Music Spotlight: Rozalind MacPhail

Award-winning flutist and world class musician Rozalind MacPhail talks her island love affair and new EP Don’t Let Me Fall Too Far


Rozalind MacPhail is a self-described island hopper. Growing up on Toronto Island, MacPhail’s life-long connection with music – predominantly that of the flute – has seen her talents stretched across North America and abroad. 

But her baby-steps towards the instrument that would become her calling and life’s work began out of necessity rather than intrigue. 

“When I was younger I was suffering from a pretty bad case of asthma and my parents were trying to find any way to treat my condition more naturally,” MacPhail shared with The Herald.

“My grandmother had read an article about how learning wind instruments helps asthmatics control their breathing better. So we tried it out, and there happened to be a flute player down the street. I started to learn the flute and I immediately took to the instrument. I really loved being able to express myself.”

Island love affair

Classically trained at the Etobicoke School of the Arts in Toronto – the same institution that produced the likes of Metric’s Emily Haines, Fefe Dobson, and Broken Social Scene’s Kevin Drew – MacPhail came to the realization that her talents would be best served outside of an orchestral setting. 

“Maybe my sense of being the soloist in front of the orchestra had to look different,” she explains. “So I started the journey of starting to write my own songs when I turned 30 and I just hit the road. I developed my craft through touring and I wanted to document every aspect of my songwriting journey.”

Within six months of building a body of work as a songwriter, MacPhail released her first EP. Six months later, another, followed by a full length album.

From Toronto Island to Vancouver Island to now living on The Rock for 10 years and counting, MacPhail has something of a love affair when it comes to island-living. Her attachment to Newfoundland and Labrador, however, has turned into a full-blown marriage. 

“I love being on islands. Anytime I’m on an island I feel grounded, I feel at peace and I feel inspired to create,” she explains. “The first time I toured through Newfoundland I toured on a Greyhound bus pass and I discovered when I got to North Sydney that the pass was no longer valid. I wanted to go visit a friend in St John’s so I actually hitchhiked with a trucker and got myself to St John’s and loved it so much. I just fell in love with the people and the place. Of course Newfoundland has this way of keeping us a little longer each time we visit. The second time I really didn’t want to leave.”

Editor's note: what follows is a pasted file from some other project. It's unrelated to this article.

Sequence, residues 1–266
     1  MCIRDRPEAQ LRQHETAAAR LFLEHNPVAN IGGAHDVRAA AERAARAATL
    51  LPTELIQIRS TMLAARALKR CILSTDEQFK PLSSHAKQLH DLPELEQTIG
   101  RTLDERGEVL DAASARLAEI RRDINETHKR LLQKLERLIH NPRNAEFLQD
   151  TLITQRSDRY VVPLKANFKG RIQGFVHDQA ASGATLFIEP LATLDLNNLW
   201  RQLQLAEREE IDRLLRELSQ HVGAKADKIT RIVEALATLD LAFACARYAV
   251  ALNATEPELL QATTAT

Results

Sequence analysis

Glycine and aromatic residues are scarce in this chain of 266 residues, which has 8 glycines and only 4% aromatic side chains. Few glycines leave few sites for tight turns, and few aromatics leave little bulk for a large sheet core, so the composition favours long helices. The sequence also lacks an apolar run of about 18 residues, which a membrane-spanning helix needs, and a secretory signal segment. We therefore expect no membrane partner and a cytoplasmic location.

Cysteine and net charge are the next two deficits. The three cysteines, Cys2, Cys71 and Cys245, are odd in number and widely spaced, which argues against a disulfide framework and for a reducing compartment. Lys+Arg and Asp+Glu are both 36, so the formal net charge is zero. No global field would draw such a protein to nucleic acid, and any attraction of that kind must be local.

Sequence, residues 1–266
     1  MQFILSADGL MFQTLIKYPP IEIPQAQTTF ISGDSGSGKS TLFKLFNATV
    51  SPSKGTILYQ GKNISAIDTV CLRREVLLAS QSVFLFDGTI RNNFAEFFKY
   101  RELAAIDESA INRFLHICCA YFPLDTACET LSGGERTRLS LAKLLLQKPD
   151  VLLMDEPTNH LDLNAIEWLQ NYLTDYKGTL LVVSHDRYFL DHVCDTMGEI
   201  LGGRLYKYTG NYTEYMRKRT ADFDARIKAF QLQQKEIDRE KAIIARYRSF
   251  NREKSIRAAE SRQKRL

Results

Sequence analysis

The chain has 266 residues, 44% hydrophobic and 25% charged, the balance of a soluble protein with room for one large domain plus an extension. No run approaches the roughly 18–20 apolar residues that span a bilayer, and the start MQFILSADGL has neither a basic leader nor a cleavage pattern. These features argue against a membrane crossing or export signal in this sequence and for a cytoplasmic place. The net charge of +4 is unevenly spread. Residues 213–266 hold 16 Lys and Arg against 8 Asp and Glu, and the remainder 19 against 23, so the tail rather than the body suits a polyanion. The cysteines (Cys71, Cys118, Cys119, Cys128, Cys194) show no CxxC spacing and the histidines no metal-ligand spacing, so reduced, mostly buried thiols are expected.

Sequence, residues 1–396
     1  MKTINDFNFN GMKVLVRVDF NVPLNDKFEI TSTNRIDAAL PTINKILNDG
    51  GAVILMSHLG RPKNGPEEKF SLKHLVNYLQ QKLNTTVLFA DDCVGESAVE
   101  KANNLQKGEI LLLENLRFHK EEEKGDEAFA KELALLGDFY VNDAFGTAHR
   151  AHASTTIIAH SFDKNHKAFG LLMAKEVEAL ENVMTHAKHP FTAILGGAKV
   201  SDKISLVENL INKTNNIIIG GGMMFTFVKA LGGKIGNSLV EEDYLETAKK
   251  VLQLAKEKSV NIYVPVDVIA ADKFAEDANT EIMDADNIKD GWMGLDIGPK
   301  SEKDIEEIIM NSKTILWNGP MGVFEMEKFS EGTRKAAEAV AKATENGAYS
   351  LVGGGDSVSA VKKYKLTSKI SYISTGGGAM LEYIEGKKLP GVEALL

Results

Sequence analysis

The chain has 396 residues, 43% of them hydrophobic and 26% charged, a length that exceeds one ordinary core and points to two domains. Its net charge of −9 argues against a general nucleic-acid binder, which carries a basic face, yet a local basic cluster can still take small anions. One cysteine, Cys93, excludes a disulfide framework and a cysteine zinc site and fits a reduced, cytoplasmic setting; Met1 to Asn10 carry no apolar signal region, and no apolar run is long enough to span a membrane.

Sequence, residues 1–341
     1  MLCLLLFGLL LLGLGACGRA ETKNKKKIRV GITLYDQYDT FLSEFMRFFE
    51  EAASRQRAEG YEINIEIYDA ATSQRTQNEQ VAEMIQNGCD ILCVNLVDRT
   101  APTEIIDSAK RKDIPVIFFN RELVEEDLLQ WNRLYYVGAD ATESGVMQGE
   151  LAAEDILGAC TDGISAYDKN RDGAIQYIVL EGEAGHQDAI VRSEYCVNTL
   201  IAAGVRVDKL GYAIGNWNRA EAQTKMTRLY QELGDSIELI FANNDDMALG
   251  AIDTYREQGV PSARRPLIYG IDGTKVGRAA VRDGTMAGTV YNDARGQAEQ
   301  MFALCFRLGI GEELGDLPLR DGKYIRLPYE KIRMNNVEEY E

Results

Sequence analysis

Laying down roots

By her third tour of the island MacPhail was committed to laying down roots. She loaded up her ’91 Buick Century Station Wagon and routed her tour to end here in the island’s capital, where she would sublet a home on Victoria Street. She’s called Newfoundland home ever since.

“I just thought this is home. This is the place where my heart shines,” she says. “I know I’ll still always be a come from away but Newfoundland is home to me.”

A world class flutist, teacher and film scorer renowned for her use of flute lopping, combining a classically trained repertoire with new and experimental modes of expression, MacPhail again pushes the limits of sound and scope with her new EP Don’t Let Me Fall Too Far, a project in collaboration with New Brunswick’s Arts Collective, Industrial Parks. 

“I would say it’s a departure from where I was last,” she says of the project, giving a nod to her ‘partner in crime’, audio engineer Terry Barrow. “The last two albums I created were more to really help the world become a better place and to help people find the coping skills they needed for that. Both recordings hold a very special place in my heart but I really wanted to go a different direction this time.”

MacPhail will take her show on the road this summer and fall, with dates and clinics in the U.S., Sweden and Denmark. 

“For me travelling is one of my biggest sources of inspiration. All of the work that I create is inspired by people, places and the human experience. If I wasn’t doing all this travelling I’m not sure if I’d be creating new work. And that’s really important to me to always keep things alive and always approach things with a beginner’s mind.”

Broadening her artistic reach on her own terms while helping mold the next wave of flutists, MacPhail’s passion for her craft, much like the talented artisan herself, is undeniable. 

“It’s almost like my voice,” she says proudly. “I feel the flute has always been my voice.”

For more visit MacPhail’s official social medias and website at

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